(sûr'bō-krōā'shən), language belonging to the South Slavic group of the Slavic subfamily of the Indo-European family of languages (see Slavic languages). Serbo-Croatian comprises several dialects, one of which (Stokavian) has given rise to modern standard Serbian, which is spoken mainly in Serbia and written mainly in a form of the Cyrillic alphabet, and modern standard Croatian, which is spoken mainly in Croatia written in a modified version of the Roman alphabet. The other dialects are mainly found in parts of Croatia and Bosnia, and the predominant pre-1990s dialect in Bosnia and in Montenegro was the same as that of modern standard Croatian. Traditionally, the dialects of Serbo-Croatian had a regional and historical basis instead of an ethnic one, but no true national Yugoslav language ever existed despite efforts by some to develop one. The political domination of Yugoslavia by Serbs, the reaction against that, and the breakup of Yugoslavia into more ethnically based nations has led to a greater emphasis on the differences (some of them introduced) between dialects as a mark of national and ethnic identity, particularly among Croatians and Bosniaks, and led Serbs and Croats living in Bosnia and Herzegovina to use modern standard Serbian or Croatian respectively. The tendency now is to speak of Bosnian, Croatian, and Serbian languages, though those tongues remain largely mutually intelligible, a hallmark of dialects. The various forms of Serbo-Croatian are the native tongues of more than 18 million people in present-day Serbia, Montenegro, Croatia, and Bosnia and Herzegovina. Serbo-Croatian is not spoken to any significant extent outside these countries.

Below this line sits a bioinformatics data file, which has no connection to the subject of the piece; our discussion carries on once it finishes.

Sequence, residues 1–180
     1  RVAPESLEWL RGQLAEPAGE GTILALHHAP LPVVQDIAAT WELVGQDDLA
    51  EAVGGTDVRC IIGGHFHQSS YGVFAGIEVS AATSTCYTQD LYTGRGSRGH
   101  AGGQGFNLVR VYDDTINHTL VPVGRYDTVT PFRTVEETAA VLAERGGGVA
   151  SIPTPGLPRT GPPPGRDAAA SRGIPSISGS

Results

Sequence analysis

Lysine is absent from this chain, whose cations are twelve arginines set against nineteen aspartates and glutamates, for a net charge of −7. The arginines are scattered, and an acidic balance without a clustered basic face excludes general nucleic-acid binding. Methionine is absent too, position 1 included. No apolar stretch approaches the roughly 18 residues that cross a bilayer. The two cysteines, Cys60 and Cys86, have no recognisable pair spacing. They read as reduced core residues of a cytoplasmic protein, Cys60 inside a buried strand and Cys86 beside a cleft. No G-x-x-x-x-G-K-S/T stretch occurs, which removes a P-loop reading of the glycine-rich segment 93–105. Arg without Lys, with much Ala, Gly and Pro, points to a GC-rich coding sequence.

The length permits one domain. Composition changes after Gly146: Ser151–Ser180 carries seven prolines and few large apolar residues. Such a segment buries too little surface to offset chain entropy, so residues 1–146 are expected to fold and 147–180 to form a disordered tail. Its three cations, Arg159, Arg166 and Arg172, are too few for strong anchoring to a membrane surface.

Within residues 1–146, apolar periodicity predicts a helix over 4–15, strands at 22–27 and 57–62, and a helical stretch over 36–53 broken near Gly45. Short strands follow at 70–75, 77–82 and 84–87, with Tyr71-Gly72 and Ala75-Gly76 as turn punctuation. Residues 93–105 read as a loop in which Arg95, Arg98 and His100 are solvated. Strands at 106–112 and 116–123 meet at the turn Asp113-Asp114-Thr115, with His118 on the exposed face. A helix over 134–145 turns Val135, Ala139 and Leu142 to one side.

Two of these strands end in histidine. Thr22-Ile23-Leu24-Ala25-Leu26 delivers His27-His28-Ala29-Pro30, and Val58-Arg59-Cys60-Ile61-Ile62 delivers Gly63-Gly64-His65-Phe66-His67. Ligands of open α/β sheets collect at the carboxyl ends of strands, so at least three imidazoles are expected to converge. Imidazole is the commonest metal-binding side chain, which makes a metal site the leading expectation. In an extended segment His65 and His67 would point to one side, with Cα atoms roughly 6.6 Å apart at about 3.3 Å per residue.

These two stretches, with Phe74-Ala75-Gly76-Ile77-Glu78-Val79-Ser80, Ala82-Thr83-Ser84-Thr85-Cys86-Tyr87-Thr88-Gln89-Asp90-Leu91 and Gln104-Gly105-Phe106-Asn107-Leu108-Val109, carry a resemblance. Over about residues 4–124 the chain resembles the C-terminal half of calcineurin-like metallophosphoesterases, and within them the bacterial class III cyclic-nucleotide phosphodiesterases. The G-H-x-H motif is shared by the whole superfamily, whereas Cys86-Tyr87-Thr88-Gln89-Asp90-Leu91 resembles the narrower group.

A feature that sets Serbo-Croatian apart from other Slavic languages is its use of musical pitch or intonation. It possesses four kinds of musical accent: two rising inflections, one long and one short, and two falling inflections, one long and one short. This musical intonation apparently reflects the earlier Indo-European pitch accent. Grammatically, Serbo-Croatian resembles Polish.
The oldest extant texts in Serbo-Croatian date from the 12th cent. For a number of centuries the literary language of the Serbs was a variant of Church Slavonic, and in Catholic Croatia it was usually Latin, although in the 13th cent. the Croats began to write down their spoken language. In the 19th cent. the Serbian philologist Vuk Stefanovíc Karadžić, through his writings and efforts, accomplished several major linguistic reforms. The most important one instituted the spoken tongue as the basis of the literary language. Karadžić also worked for a more phonetic spelling and consequently for a revision of the alphabet to that end. See also Yugoslav (South Slav) Literature.
- See grammars by M. Partridge (1964) and O. Grozdić.
South Slavic language spoken by some 21 million people in Croatia, Bosnia and Herzegovina, Serbia, and Montenegro. As the dominant language of pre-
literature written in Serbo-Croatian, Slovenian, and, especially after World War II, Macedonian languages. The Serbian and Croatian literary language
The most widely spoken language in the former constituent republics of Yugoslavia – especially Serbia, Montenegro, Croatia, and Bosnia-Herzegovina –